The United Nations recently proposed that countries impose international taxes to raise more than $400 billion a year. The global taxes would be on carbon, currency transactions and billionaires.
A U.N. World Economic and Social Survey found that the needs of developing countries were not being met and that more money was needed to fight global issues like climate change. These new taxes would help “donor countries overcome their record of broken promises.”
The United Nations plays a marginal role in global economic issues and has no authority to enforce an international tax. The world body can only urge its 193 members to impose such taxes.
“Donor countries have fallen well short of their aid commitments and development assistance declined last year because of budget cuts, increasing the shortfall to $167 billion,” the survey’s author, Rob Vos, said in a statement.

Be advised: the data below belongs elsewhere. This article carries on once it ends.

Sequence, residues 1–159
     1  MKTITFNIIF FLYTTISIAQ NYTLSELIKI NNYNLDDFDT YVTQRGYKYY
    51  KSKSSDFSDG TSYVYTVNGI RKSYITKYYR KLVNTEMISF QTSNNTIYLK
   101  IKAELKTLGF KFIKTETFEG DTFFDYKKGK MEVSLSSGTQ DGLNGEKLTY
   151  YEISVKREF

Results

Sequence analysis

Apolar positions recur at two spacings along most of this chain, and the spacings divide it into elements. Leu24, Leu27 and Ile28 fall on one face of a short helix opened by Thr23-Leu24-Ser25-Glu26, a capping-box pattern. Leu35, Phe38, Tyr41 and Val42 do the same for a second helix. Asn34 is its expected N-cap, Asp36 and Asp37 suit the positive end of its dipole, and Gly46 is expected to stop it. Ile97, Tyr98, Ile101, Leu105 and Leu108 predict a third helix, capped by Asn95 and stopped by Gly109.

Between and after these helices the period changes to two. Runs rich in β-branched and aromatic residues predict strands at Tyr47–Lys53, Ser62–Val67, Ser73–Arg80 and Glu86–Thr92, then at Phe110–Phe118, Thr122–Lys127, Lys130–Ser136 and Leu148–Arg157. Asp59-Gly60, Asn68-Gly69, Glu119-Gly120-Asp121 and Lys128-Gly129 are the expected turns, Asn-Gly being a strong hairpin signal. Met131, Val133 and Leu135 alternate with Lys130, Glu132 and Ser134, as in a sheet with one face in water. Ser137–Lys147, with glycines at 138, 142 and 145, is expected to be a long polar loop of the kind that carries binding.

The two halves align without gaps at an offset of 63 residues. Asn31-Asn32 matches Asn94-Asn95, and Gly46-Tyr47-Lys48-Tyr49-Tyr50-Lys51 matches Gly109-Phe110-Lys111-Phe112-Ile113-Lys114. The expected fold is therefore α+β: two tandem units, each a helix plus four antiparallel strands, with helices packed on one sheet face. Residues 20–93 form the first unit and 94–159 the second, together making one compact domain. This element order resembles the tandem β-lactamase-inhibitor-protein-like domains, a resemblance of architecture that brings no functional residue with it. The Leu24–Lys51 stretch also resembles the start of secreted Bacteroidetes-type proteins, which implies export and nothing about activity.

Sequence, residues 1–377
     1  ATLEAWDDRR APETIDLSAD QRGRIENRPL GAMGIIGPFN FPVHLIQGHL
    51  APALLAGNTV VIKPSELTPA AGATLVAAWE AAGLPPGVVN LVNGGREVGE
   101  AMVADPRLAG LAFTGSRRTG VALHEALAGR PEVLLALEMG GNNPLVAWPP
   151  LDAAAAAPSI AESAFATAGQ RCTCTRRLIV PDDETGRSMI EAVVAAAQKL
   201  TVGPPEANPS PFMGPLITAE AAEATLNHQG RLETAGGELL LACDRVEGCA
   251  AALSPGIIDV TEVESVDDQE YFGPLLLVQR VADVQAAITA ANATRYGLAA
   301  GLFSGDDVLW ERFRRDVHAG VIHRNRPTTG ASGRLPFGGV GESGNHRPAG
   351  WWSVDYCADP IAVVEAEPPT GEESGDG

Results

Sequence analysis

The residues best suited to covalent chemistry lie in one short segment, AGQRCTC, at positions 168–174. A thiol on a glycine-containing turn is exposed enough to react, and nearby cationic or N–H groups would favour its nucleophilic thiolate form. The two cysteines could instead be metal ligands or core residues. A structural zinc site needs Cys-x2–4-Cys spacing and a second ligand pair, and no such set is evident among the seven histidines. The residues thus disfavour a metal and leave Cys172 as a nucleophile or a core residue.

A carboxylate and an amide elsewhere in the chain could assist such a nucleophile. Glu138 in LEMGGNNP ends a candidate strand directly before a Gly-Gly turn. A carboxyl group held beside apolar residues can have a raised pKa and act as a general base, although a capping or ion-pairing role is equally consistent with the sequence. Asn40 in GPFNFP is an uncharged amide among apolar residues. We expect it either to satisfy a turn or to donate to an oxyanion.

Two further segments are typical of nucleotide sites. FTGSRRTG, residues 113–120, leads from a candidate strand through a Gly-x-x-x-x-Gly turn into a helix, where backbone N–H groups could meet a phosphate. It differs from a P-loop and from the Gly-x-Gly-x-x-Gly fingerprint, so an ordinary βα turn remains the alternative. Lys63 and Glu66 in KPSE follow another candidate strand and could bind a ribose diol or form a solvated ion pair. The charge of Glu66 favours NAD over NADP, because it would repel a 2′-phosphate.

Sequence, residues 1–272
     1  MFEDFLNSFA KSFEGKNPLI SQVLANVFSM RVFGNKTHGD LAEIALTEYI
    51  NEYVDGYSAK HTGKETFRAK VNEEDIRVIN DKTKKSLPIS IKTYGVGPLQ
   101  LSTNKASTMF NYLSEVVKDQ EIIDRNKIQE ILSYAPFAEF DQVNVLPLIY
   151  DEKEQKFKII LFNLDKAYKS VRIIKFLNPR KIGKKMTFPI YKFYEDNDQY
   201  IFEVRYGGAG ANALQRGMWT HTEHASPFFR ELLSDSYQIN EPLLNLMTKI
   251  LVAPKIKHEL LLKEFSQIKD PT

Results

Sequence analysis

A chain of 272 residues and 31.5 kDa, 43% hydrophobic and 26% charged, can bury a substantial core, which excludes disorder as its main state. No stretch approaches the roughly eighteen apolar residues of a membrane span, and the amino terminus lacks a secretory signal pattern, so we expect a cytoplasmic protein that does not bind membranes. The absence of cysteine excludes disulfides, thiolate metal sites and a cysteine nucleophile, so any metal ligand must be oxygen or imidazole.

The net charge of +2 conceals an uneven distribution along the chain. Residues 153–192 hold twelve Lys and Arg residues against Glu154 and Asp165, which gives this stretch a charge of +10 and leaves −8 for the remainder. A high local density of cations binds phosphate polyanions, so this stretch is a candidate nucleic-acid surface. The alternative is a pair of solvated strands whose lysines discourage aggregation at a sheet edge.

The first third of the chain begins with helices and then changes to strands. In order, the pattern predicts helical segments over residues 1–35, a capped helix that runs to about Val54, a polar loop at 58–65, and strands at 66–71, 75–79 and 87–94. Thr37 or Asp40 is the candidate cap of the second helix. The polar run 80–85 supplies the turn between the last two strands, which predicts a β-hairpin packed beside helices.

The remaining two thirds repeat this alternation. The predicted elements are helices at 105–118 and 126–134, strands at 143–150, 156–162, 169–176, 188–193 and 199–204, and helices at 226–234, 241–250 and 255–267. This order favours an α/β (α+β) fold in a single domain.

“We are suggesting various ways to tap resources through international mechanisms, such as coordinated taxes on carbon emissions, air traffic, and financial and currency transactions,” he said.
Some United Nations officials have suggested replacing the U.S. dollar as the world’s currency with IMF Special Drawing Rights, an idea that a number of countries support.
Another idea from The World Economic and Social Survey was that regular allocations of IMF Special Drawing Rights and use of idle Special Drawing Rights could produce about $100 billion annually to buy long-term assets that would then be used as development finance.
The survey also said a $25 per ton tax on carbon emissions from developed countries, to be collected by national authorities and allocated for international causes could raise $250 billion a year. Another $40 billion a year could be raised from a 0.005 percent transaction tax on the world’s four main currencies, the U.S. dollar, euro, yen and the British pound. A tax of 1 percent on billionaires could also be explored.
“Realizing the potential of these mechanisms will require international agreement and corresponding political will, both to tap sources as well as to ensure allocation of revenues for development,” Vos said.
Here’s an interesting word the U.N. might want to look up:
1. the quality or state of being sovereign.
2. rightful status, independence, or prerogative.
3. A nation or state’s supreme power within its borders.